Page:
Disallow root login remotely? [Y/n] <-- y
Remove test database and access to it? [Y/n] <-- y
Reload privilege tables now? [Y/n] <-- y

Installing PHP

We can make PHP work in nginx through PHP-FPM (PHP FastCGI Process Manager). This is an alternative PHP FastCGI implementation with some additional features useful for sites of any size, especially busier sites. Install PHP 7 as follows:

apt-get -y install php7.0-fpm

PHP-FPM is a daemon process (with the systemd unit file php7.0-fpm.service) that runs a FastCGI server on the socket /var/run/php/php7.0-fpm.sock.

Configuring Nginx

The Nginx configuration is in /etc/nginx/nginx.conf which we open now:

nano /etc/nginx/nginx.conf

The configuration is easy to understand (you can learn more about it here: https://www.nginx.com/resources/wiki/start/topics/examples/full/ and here: https://www.nginx.com/resources/wiki/)

First set the keepalive_timeout to a reasonable value like 2 seconds:

[...]
keepalive_timeout 2;
[...]

The virtual hosts are defined in server {} containers. The default vhost is defined in the file /etc/nginx/sites-available/default - let's modify it as follows:

nano /etc/nginx/sites-available/default

[...]
server {
listen 80 default_server;
listen [::]:80 default_server;

# SSL configuration
#
# listen 443 ssl default_server;
# listen [::]:443 ssl default_server;
#
# Note: You should disable gzip for SSL traffic.
# See: https://bugs.debian.org/773332
#
# Read up on ssl_ciphers to ensure a secure configuration.
# See: https://bugs.debian.org/765782
#
# Self signed certs generated by the ssl-cert package
# Don't use them in a production server!
#
# include snippets/snakeoil.conf;

root /var/www/html;

# Add index.php to the list if you are using PHP
index index.php index.html index.htm index.nginx-debian.html;

server_name _;

location / {
# First attempt to serve request as file, then
# as directory, then fall back to displaying a 404.
try_files $uri $uri/ =404;
}

# pass PHP scripts to FastCGI server
#
location ~ \.php$ {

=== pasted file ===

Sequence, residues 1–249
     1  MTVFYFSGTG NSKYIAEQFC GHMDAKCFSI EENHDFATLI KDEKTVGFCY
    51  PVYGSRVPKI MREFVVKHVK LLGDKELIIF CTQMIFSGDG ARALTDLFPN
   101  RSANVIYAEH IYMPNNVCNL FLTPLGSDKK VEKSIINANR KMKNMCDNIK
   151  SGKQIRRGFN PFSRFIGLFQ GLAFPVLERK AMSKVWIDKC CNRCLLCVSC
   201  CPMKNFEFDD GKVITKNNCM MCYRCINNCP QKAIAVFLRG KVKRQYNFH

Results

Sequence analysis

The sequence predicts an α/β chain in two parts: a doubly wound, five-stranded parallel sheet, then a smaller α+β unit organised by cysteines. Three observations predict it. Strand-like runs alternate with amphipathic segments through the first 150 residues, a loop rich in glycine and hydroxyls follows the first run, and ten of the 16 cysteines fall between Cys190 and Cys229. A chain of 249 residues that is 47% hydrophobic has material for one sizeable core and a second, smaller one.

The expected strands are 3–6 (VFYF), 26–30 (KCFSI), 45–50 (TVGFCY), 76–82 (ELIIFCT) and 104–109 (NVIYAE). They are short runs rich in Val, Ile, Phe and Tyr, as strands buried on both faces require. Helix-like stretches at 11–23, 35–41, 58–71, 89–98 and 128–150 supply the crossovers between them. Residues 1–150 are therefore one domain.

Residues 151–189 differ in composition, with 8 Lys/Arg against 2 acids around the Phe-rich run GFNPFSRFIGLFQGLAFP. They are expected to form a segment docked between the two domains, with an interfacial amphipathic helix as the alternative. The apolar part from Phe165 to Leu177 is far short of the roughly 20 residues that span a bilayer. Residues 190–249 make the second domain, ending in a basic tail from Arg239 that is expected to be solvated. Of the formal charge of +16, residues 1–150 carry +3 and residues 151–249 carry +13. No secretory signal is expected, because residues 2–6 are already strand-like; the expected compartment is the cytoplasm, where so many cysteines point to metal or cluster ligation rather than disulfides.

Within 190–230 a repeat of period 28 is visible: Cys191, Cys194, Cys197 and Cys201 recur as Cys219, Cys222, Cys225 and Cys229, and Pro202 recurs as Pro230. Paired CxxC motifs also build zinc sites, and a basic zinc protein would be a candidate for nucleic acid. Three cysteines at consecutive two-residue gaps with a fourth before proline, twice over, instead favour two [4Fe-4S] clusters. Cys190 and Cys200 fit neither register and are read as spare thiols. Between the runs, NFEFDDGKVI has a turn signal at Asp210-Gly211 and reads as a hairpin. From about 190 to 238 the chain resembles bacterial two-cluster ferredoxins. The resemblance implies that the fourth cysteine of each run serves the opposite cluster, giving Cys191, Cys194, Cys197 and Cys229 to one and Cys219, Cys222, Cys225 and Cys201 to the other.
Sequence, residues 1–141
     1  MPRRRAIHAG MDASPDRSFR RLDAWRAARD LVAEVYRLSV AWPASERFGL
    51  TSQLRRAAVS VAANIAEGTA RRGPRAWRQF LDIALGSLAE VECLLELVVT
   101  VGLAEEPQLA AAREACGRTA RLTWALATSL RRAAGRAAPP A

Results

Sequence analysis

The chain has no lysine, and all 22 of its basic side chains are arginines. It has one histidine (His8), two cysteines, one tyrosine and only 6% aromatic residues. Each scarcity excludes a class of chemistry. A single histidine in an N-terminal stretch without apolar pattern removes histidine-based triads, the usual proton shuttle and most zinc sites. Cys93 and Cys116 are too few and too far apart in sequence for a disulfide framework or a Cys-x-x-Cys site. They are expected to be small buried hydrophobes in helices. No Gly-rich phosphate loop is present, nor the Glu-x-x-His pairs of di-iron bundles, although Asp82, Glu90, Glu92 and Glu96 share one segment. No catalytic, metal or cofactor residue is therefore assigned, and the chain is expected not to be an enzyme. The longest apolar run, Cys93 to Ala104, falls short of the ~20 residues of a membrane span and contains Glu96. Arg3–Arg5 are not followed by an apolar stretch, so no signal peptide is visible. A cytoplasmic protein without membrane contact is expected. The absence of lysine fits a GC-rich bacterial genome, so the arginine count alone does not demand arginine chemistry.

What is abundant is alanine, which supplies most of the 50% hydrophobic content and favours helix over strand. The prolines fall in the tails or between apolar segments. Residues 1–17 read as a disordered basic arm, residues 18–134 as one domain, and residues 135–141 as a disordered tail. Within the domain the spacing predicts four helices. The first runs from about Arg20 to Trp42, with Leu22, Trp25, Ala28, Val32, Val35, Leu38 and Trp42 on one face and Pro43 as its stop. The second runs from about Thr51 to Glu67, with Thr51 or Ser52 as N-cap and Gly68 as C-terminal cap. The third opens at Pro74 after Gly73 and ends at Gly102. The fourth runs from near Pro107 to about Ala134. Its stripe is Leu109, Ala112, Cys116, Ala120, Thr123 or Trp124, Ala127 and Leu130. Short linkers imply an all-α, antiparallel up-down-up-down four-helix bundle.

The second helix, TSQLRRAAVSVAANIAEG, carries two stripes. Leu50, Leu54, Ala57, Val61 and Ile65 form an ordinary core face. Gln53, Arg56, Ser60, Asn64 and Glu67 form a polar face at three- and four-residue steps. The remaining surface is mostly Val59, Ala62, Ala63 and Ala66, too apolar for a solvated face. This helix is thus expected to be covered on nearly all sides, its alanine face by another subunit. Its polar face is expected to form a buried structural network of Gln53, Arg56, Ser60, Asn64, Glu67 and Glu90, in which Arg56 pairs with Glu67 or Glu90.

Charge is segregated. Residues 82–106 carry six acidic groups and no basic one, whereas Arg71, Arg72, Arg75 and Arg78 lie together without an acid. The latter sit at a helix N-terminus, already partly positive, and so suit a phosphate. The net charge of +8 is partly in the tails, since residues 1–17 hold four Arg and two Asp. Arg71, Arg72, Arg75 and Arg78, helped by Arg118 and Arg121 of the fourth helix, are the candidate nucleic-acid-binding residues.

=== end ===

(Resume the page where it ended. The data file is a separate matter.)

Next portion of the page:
include snippets/fastcgi-php.conf;

# With php-fpm (or other unix sockets):
fastcgi_pass unix:/var/run/php/php7.0-fpm.sock;
# With php-cgi (or other tcp sockets):
# fastcgi_pass 127.0.0.1:9000;
}

# deny access to .htaccess files, if Apache's document root
# concurs with nginx's one
#
location ~ /\.ht {
deny all;
}
} [...]

server_name _; makes this a default catchall vhost (of course, you can as well specify a hostname here like www.example.com).

I've added index.php to the index line. root /var/www/html; means that the document root is the directory /var/www/html.

The important part for PHP is the location ~ \.php$ {} stanza. Uncomment it like shown above to enable it. There are two fastcgi_pass lines included, uncomment just the one for the php-7.0-fpm.sock file.

Now save the file and reload Nginx:

systemctl reload nginx.service

Next open /etc/php/7.0/fpm/php.ini...

nano /etc/php/7.0/fpm/php.ini

... and set cgi.fix_pathinfo=0:

[...]
; cgi.fix_pathinfo provides *real* PATH_INFO/PATH_TRANSLATED support for CGI.  PHP's
; previous behaviour was to set PATH_TRANSLATED to SCRIPT_FILENAME, and to not grok
; what PATH_INFO is.  For more information on PATH_INFO, see the cgi specs.  Setting
; this to 1 will cause PHP CGI to fix its paths to conform to the spec.  A setting
; of zero causes PHP to behave as before.  Default is 1.  You should fix your scripts
; to use SCRIPT_FILENAME rather than PATH_TRANSLATED.
; http://php.net/cgi.fix-pathinfo